13.5.2 Network Address Translation
For your first layer of defense, you need to have a firewall at the point where the Internet connects to your computer—that connection point is at your router.
Another feature that is important is Network Address Translation NAT. NAT
allows you to use different IP addresses ex- ternally than you use internally. This helps to
conceal your internal network, letting your home computers “hide” behind your router.
We talked earlier in this chapter about how your ISP assigns you an external IP address.
takes that assigned IP address and then distributes its own internal IP addresses to the computers inside your
home network. From the Internet, only the router’s address is visible. Because the NAT router assigns its own internal IP addresses, the IP address of each computer
NAT router A router that uses Network Address Translation to keep the IP address of your computer private and unviewable from the Internet.
Like operating systems and major application programs, routers also have known security holes. Therefore, you’ll want to apply any patches or updates as needed.
For most routers, you will also need to change the default login and password and make sure that the firmware is current.
13.5.3 So How Do Firewalls Protect Me?
Firewalls have two major protective functions: •
They permit or deny requests to send data to or from your computer. •
They monitor port access requests.
Permitting or Denying Data
There are two strategies you can choose from when setting up your firewall: a default permit strategy, or a default deny strategy.
default permit strategy means you configure the firewall to allow any host
or protocol that you haven’t specifically banned.
Router Shopping List
• NetworkAddressTranslation • Built-infirewall
Any Port in a Storm
default deny strategy means that you list specific protocols and hosts that
are allowed to pass through your firewall. Everything else is denied. You’ll notice that there’s a world of difference between these two approaches.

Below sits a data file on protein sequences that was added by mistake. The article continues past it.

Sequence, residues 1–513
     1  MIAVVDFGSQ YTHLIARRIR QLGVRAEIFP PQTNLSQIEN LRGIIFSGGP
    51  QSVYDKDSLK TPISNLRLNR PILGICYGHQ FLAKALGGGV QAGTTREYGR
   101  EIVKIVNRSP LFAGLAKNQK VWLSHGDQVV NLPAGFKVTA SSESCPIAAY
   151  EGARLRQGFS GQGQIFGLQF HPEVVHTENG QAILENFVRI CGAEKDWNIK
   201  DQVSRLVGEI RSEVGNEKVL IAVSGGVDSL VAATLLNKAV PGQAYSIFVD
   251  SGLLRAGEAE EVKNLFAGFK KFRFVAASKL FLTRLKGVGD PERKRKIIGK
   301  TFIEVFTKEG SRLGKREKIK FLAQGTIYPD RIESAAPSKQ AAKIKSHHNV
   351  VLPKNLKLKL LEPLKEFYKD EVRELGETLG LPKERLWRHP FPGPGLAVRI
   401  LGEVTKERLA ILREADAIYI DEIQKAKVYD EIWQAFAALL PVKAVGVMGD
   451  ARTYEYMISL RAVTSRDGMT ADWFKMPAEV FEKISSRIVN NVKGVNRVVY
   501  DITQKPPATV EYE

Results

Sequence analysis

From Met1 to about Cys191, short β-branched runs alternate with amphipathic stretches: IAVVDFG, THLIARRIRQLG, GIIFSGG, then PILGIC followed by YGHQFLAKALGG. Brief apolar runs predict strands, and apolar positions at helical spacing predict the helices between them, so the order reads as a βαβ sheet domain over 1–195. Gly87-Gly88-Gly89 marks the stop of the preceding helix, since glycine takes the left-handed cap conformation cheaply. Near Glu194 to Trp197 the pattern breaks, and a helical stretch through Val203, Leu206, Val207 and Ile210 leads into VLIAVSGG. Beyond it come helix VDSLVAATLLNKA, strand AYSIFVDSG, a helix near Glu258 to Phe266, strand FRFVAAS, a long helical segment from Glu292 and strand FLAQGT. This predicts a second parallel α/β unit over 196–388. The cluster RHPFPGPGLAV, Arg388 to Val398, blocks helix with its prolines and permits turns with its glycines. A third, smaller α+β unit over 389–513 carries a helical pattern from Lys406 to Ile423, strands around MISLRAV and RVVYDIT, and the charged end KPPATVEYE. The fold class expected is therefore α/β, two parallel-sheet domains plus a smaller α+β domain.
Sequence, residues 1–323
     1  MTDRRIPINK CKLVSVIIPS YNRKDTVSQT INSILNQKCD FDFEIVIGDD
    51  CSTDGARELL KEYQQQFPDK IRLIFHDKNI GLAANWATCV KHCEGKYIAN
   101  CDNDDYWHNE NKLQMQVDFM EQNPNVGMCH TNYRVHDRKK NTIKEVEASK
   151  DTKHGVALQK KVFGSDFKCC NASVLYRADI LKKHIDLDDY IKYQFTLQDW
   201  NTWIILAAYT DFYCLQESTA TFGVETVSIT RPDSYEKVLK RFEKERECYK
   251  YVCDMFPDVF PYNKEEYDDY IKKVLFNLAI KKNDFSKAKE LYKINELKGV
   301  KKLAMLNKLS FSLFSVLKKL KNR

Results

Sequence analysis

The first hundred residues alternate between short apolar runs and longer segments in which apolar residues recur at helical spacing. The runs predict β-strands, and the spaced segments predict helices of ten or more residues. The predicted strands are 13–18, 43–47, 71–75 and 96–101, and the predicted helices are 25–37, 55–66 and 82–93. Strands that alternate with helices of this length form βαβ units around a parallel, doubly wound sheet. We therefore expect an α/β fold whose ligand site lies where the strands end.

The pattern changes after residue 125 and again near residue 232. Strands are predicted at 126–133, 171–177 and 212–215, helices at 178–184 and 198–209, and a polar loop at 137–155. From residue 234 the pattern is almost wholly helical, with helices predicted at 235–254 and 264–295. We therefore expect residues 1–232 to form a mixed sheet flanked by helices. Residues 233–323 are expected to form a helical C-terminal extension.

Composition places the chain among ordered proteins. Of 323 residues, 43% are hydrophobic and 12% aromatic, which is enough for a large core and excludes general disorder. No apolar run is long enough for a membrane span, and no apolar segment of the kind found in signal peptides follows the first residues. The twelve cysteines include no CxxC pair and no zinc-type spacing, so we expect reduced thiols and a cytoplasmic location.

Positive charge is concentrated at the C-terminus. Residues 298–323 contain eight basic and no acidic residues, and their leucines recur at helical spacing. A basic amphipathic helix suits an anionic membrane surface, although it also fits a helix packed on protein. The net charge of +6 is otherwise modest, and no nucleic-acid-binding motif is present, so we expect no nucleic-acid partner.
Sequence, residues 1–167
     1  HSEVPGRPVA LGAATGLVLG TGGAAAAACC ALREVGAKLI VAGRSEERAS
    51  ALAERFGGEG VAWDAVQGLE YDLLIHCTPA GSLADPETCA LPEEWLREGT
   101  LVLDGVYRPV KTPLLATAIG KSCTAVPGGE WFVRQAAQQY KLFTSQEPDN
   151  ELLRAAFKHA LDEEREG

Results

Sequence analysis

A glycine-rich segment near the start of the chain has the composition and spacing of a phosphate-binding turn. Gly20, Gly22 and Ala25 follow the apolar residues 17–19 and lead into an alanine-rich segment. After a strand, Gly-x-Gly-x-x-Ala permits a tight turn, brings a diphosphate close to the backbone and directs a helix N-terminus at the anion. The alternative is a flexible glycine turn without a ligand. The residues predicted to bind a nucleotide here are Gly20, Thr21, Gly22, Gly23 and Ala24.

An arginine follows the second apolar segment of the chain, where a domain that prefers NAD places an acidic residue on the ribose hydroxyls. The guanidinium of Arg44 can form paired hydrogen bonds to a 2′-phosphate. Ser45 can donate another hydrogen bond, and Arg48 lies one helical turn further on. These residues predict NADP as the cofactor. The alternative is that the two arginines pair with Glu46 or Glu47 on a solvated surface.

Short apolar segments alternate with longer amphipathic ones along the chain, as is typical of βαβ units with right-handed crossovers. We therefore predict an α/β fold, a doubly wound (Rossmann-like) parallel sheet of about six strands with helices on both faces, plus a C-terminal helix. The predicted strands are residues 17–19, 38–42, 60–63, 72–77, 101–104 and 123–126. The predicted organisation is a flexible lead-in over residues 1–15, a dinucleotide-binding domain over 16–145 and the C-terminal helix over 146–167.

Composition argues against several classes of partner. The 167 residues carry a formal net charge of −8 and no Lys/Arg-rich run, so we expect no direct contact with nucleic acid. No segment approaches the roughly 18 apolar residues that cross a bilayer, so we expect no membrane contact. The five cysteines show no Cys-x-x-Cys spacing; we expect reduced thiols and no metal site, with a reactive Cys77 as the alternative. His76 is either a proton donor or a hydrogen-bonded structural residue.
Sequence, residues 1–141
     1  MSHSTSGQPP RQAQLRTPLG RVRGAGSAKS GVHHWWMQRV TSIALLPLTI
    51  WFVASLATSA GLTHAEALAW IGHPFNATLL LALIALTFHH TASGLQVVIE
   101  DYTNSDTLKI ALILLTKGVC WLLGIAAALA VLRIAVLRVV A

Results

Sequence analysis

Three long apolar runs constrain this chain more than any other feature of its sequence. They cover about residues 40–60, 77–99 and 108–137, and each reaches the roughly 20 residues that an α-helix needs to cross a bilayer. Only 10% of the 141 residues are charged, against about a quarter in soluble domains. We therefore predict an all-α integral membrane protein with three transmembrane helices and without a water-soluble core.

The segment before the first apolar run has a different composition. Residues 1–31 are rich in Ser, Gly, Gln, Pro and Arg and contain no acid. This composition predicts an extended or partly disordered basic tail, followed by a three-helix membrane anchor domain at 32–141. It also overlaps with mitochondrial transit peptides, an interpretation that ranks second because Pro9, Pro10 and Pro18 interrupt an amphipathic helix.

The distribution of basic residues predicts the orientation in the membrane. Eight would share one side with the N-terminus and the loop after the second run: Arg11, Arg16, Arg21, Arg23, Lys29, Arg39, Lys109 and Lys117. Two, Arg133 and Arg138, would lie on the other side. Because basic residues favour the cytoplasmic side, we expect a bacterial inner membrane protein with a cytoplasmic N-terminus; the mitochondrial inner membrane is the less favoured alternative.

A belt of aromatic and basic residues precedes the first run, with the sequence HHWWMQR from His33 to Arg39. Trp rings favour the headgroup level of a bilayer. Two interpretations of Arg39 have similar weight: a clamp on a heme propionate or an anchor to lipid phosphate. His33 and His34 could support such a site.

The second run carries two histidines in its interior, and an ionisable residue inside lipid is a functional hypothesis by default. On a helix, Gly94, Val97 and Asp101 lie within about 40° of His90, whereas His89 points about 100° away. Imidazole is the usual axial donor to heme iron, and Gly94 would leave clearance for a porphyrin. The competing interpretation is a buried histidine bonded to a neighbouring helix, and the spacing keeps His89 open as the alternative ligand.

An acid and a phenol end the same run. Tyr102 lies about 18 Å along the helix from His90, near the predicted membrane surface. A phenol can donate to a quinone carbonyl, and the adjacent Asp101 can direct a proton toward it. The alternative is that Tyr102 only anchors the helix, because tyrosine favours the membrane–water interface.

While default deny is a more censored and potentially robust approach, it’s also a lot harder to configure. Unless you put a lot of work into your definitions, a de-
fault deny strategy could become so restrictive that your Internet connection might lose its utility. Default permit, of course, is much easier to configure—you basi-
cally block out known dangers, adding new blocks as new dangers are discovered. With default permit, you’re allowing anything in until it’s proven dangerous. With
default deny, you’re denying everything until it’s proven safe.
Monitoring Port Access Requests
Firewalls monitor and regulate connections in and out of your computer by look- ing at everything that tries to access a port. You can configure your firewall to
alert you every time an application or protocol tries to access a port.
Of course, ports that let data out can also let data in. Attackers often try to gain access to computer systems by first scanning for open ports. To protect your
machine from port knocking, you need to configure your firewall to monitor and possibly block inbound connections. Attackers know that home users often don’t
install firewalls and frequently leave ports wide open—even ports on which vulner- able services are running. If you want to learn more about ports, services, and how
firewalls work, a good place on the Internet is Steve Gibson’s site, www.grc.com.
13.5.4 Firewall Settings
Techies can dig down into the heart of a firewall and block specific ports or appli- cations. Most other users really prefer not to. Thankfully, most firewalls give you
the flexibility to install quickly and easily by simply configuring your firewall set- ting to high, medium, or low. Which setting is best for you depends on what you
do on the Internet.
We strongly suggest that you start by setting your firewall to High security. If you need to, you can adjust the level down from there to Medium. “Low” security is
rarely a wise idea.